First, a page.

By Sean Hartnett
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If you don’t bring the right level of energy and urgency in the NHL, you’re going to be left in the dust. No matter how much talent a team has, they will go nowhere if they’re lacking fire and desperation on a nightly basis. The Rangers learned this the hard way after being outscored by a combined 12-4 in weekend losses to Metropolitan Division rivals in the Islanders and Pittsburgh Penguins.
The injury-depleted Blueshirts proved they’re a better team than their play of late has indicated in Tuesday’s 5-1 home victory over the rival Philadelphia Flyers. After a string of flat, turnover-filled performances, the Rangers were able to execute with speed and in cohesive units of five on both ends of the rink. Anything less wouldn’t have sufficed against a hot-scoring Flyers team that had entered Madison Square Garden on a four-game winning streak and averaged 5.25 goals over their winning run.
It was going to take a fully committed and alert 60 minutes of hockey to shut down a Flyers team that scores in bunches and owns the league’s eighth-best power play. Philadelphia possesses three forwards playing above a point-per-game in Claude Giroux, Jakub Voracek and Sean Couturier. The Rangers held the trio to zero points and a collective minus-six. As a whole, the Rangers held the Flyers to 26 shots while limiting their Grade-A chances and killing off all three of Philly’s power play opportunities.
“At the end of the day, I thought we played a much sounder game defensively and we had some real good looks offensively that we were able to capitalize on,” head coach Alain Vigneault said. “There’s no doubt there was a big focus on that in the meetings this morning and the meetings prior to this game, obviously on the skill that Philly brings, how to adjust and how to do a better job. Overall, I think our guys did a real good job.”
It all starts with the right mindset. Defenseman Brady Skjei noticed a different kind of look in his teammates’ eyes prior to Tuesday’s game.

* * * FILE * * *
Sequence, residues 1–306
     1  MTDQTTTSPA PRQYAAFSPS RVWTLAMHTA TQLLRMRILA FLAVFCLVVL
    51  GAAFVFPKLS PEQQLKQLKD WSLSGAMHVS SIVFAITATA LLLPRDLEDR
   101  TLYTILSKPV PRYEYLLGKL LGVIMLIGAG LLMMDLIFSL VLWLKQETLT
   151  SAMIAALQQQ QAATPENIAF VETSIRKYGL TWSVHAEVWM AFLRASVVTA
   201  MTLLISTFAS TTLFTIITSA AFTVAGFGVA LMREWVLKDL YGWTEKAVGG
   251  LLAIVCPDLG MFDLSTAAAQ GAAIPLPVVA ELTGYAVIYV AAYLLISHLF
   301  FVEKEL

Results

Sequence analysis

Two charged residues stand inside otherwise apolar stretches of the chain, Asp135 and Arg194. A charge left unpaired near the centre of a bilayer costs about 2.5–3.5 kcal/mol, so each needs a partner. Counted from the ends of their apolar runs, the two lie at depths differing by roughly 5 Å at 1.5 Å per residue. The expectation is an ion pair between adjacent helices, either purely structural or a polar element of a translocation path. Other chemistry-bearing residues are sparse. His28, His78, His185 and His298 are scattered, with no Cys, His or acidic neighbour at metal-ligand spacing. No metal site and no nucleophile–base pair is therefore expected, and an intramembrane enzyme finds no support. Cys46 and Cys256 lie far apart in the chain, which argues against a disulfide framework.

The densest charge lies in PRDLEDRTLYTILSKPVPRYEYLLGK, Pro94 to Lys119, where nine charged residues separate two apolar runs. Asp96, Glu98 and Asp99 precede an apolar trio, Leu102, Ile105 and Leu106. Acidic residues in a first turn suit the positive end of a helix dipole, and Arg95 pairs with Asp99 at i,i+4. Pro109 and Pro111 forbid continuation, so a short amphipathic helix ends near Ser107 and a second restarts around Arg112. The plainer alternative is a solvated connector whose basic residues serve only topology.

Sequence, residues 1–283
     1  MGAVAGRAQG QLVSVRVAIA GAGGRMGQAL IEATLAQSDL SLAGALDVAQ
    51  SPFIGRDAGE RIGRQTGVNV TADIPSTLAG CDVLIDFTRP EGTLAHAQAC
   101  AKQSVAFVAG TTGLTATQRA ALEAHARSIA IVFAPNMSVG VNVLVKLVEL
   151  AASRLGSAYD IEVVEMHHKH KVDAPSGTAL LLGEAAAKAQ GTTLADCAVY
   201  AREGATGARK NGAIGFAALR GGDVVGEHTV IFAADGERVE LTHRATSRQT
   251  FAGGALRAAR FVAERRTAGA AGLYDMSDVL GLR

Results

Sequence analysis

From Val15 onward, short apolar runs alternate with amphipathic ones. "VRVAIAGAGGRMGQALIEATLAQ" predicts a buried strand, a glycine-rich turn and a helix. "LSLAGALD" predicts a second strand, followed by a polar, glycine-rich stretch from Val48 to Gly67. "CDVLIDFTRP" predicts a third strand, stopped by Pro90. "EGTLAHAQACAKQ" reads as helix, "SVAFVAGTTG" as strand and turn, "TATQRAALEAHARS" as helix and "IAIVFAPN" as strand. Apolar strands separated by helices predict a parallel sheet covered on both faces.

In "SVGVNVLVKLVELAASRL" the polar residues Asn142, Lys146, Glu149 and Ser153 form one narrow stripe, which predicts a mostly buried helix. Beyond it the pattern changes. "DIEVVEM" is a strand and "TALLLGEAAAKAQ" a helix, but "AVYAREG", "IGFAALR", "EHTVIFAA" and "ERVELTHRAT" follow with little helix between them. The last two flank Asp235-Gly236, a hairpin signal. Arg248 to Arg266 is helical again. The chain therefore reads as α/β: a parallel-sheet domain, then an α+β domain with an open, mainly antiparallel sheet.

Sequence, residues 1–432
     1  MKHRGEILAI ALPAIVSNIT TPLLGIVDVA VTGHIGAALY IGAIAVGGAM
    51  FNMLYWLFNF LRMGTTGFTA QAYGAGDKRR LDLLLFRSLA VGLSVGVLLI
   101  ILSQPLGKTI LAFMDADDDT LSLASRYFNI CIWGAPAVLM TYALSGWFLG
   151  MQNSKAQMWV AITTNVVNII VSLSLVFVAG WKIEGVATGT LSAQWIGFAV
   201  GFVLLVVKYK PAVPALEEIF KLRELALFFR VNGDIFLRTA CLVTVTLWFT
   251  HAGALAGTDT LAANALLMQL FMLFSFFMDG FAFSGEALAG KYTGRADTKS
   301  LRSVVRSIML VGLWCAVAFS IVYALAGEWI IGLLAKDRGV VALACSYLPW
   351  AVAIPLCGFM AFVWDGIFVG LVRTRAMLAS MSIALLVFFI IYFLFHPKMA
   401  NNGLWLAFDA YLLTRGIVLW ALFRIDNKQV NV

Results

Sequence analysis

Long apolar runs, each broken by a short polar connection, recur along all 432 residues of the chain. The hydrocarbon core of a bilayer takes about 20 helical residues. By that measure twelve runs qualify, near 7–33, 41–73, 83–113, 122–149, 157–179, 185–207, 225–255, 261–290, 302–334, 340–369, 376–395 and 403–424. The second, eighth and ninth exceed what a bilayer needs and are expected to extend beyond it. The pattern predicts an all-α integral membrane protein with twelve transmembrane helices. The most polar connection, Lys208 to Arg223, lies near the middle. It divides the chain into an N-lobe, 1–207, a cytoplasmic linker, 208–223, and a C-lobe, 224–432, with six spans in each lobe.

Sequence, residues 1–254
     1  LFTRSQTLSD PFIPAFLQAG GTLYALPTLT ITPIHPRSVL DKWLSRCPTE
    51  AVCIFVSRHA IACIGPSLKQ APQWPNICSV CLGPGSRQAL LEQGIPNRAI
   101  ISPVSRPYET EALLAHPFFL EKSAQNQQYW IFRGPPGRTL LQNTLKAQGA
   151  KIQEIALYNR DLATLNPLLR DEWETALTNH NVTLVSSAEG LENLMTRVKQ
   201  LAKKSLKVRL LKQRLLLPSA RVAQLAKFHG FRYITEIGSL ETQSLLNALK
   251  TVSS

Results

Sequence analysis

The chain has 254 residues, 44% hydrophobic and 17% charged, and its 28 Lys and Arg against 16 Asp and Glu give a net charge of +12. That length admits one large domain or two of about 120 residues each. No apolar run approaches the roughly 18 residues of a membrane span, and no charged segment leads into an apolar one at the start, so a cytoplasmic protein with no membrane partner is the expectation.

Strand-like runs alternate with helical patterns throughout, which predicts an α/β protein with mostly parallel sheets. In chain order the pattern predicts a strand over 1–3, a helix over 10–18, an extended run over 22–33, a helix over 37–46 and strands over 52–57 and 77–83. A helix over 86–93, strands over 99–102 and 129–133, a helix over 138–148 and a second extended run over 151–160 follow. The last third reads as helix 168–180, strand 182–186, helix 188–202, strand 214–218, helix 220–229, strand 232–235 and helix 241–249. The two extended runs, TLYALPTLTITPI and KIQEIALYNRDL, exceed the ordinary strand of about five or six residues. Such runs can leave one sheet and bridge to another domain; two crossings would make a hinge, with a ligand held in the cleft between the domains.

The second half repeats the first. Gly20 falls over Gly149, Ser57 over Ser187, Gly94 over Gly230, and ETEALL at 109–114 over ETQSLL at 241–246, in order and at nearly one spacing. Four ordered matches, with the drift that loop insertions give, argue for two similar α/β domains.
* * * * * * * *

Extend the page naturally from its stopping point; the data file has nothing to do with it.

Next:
“We knew coming in that this was a big game for our team,” Skjei said. “We haven’t been playing well at all. We knew that we needed to be harder on pucks and win more battles. I think you could just tell in everyone’s eyes tonight that we weren’t going to be shut down. Every guy battled hard. It was probably our best defensive game in a while, and we ended up scoring five goals. So that’s a testament to playing the right way. You’re going to get your looks when you play good defensively.”
The best teams in the NHL defend and attack in harmonious, five-man units. For a good stretch, that integral part of the Rangers’ winning formula was broken, and thus they suffered on the ice and on the scoreboard. On Tuesday, the Rangers reclaimed that identity.
“It’s a five-man game, for sure,” Skjei said. “You see forwards backchecking and getting sticks on pucks. Those guys can stay above the forwards in the offensive zone and have good sticks and help out on the back pressure. It makes our job a lot easier. Our forwards did a great job tonight doing that.”
“I think we forechecked with five guys, we set up our neutral-zone trap with five guys, and we defended with five guys,” alternate captain Rick Nash added. “It makes such a big difference when you’re all on the same page, and I thought we were tonight.”
It was fitting that Nash played an instrumental role in Tuesday’s win. The 33-year-old had come to symbolize the Rangers’ inconsistency and spells of tough luck. Nash entered the game on a 12-game goalless drought.
The 6-foot-4 wing scored two goals and led all skaters with seven shots on goal. Nash played with an in-your-face gusto and with a real chip on his shoulder. The Nash who can be such a threat as a combo power forward/one-on-one dominator showed up with authority.
“It is only one game,” Nash said. “It’s not that big of a deal to me. It’s what I’m supposed to do, so I am going to go back to work tomorrow, keep working on my game and try to come back even better against Buffalo.”
The Rangers were boosted by the return of captain Ryan McDonagh, who had missed Sunday’s loss in Pittsburgh due to back spasms. McDonagh recorded an assist and three shots on goal in 21 minutes.
Peter Holland played a solid first game for the Rangers following his recall from minor-league Hartford. He looked assured on the penalty kill and set up Paul Carey’s short-handed goal.
Injuries and the funk of previous games forced Vigneault into a rethink. The Rangers’ coach shuffled his forward lines and clearly got the desired effect. The new-look lines struck the right balance:
That was clear when Pavel Buchnevich sprung Nash on a long-distance, threaded pass directly to Nash’s stick that sent Nash to the races to eventually beat goaltender Brian Elliott on a breakaway. The chemistry was also evident with Michael Grabner and Jesper Fast reunited to form a speed-burning fourth line with Holland, the new guy, in the middle.
Though the Rangers were without Kevin Hayes and long-term absentee Chris Kreider, they were able to cool off the surging Flyers because their players brought full-hearted effort and Vigneault was able to find an ideal line balance.
But as Nash said, it’s only one game, and the Rangers will need to repeat the trick Thursday against Buffalo.
Follow Sean on Twitter at @HartnettHockey